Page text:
UNIT4: The (Largely) Untold Story - Part 2

Part 1 of this series started with my invitation by UNIT4 (formerly Unit 4 Agresso), the second-largest business applications provider in continental Europe, to attend its UK 2010 user conference. Frankly, I was a bit skeptical about what new and exciting I might see and hear about at this event in light of the vendor’s analyst tour in Boston in late 2009.

My post then talked about another important development that preceded both the UK user conference and the Boston analyst tour (but which was not the topic of either gathering). Namely, in the fall of 2009, UNIT4’s on-demand venture, CODA 2go, evolved into FinancialForce.com, backed by both UNIT4 and Salesforce.com. The spin-off joint venture combines CODA’s 30 years of designing and building financial applications with Salesforce.com’s cloud computing development platform, Force.com.

The creation of the new entity and expanded relationship with Salesforce.com avails FinancialForce.com (and indirectly UNIT4) of many practical go-to-market and operating benefits, from branding and lead-generation to Salesforce.com providing hosting and the first-line customer support for the new offering (so that clients only have one number to call).

I believe that all these initiatives send a clear signal to the partners and developers on Force.com that FinancialForce.com is the finance and accounting engine of choice on the platform to leverage. Attracting even a fraction of nearly 70,000 existing Salesforce.com users would be a major success in terms of new revenues for the startup company.

For its part, Salesforce.com’s potential benefits from this joint venture are also apparent: a new revenue stream and the ability to validate and peddle the Force.com platform. In addition, Brian Sommer also talks about some less apparent benefits in his recent blog post. Indeed, since the announcement, FinancialForce.com claims to have been flooded with enquiries, leads, and free trial requests, plus extensive publicity around the industry. In other words, the high profile that UNIT4 and Salesforce.com had hoped for from this deal is certainly turning out favorably.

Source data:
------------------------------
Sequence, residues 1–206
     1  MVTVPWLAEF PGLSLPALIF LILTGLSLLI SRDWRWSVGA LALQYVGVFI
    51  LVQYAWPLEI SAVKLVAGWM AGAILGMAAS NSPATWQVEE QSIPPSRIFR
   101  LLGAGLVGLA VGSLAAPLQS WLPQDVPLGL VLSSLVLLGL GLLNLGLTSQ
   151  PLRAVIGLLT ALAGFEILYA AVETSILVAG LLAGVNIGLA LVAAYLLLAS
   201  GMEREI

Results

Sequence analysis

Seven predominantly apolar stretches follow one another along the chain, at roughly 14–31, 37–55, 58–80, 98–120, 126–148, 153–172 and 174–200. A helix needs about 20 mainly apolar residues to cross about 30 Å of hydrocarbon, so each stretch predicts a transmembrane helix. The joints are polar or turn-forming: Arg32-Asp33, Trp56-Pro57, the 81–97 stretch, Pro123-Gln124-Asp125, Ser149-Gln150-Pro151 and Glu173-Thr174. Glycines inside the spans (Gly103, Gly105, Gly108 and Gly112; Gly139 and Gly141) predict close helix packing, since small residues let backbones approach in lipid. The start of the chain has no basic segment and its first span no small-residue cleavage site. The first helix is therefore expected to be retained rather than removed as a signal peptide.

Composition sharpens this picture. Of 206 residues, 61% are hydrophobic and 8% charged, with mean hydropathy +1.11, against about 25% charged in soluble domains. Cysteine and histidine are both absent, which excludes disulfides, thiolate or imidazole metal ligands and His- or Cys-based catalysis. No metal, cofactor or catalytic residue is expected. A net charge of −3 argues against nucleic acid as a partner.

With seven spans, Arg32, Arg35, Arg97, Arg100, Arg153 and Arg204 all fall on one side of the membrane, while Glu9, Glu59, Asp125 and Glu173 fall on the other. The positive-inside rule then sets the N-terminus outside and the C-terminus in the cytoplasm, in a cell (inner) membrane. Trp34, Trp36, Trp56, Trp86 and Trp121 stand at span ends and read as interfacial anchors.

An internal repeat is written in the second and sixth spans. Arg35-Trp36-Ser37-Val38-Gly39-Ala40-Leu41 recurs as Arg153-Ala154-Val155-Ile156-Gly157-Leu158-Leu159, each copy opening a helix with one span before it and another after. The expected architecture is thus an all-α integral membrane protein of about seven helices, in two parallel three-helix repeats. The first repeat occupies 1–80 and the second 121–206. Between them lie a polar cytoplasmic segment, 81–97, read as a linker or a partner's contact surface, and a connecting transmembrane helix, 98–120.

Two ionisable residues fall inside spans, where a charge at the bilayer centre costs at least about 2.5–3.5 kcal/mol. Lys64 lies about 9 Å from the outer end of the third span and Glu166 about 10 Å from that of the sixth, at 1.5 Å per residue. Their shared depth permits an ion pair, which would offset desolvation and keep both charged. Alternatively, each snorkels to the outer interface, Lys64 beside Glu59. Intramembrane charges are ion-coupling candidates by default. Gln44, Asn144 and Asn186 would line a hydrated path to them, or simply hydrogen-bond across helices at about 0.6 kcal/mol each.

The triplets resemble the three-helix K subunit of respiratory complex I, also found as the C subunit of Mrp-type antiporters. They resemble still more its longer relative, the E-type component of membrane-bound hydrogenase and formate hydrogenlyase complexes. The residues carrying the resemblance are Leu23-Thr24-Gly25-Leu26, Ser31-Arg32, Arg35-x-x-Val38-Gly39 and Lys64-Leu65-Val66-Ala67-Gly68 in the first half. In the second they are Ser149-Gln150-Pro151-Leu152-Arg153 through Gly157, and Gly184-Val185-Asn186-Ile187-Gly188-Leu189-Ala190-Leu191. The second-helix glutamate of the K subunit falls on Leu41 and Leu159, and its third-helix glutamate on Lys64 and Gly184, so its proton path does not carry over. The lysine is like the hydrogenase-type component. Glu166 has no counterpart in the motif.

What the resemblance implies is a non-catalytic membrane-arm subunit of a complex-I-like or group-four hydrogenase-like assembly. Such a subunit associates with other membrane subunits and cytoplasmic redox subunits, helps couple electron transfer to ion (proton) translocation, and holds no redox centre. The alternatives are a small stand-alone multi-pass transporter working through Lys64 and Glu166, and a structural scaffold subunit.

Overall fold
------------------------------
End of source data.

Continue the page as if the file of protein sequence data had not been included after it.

Financial Force to Be Reckoned With (in the Cloud)

FinancialForce.com’s CEO Jeremy Roche shared with me in our recent e-mail exchange that at its core, FinancialForce.com “attaches to the Salesforce CRM data model and expands it with its savvy about tax codes, currencies, financial reporting, etc., by providing a set of role- and function-based capabilities.”

Out of the box, the offering provides the following accounting functionality for businesses around the world (courtesy of CODA’s proven know-how):

  • Broad accounting applications: featuring general ledger accounting, user-defined budgets, spreadsheet integration, accounts payableaccounts receivable, and invoicing 

  • Multi-currency and multi-company support: allowing organizations to manage accounts across different countries, divisions, and companies

  • Support for global accounting and reporting requirements: reducing concerns about meeting the specific reporting and tax legislation of different countries

  • Real-time accounting: all ledgers are instantly updated to deliver real-time financial data and ensuring the system never goes out of balance

The traits of being quick to implement (with no infrastructure to worry about), scalable (in terms of managing future growth of cash flows, debtors, and creditors), accessible from anywhere (that has an Internet connection), a predictable license fee, and security come from the Force.com cloud computing platform. This will soon (if not already) also mean the general availability of Chatter, with its traits of content management, search, collaboration, and other Facebook-like user experiences.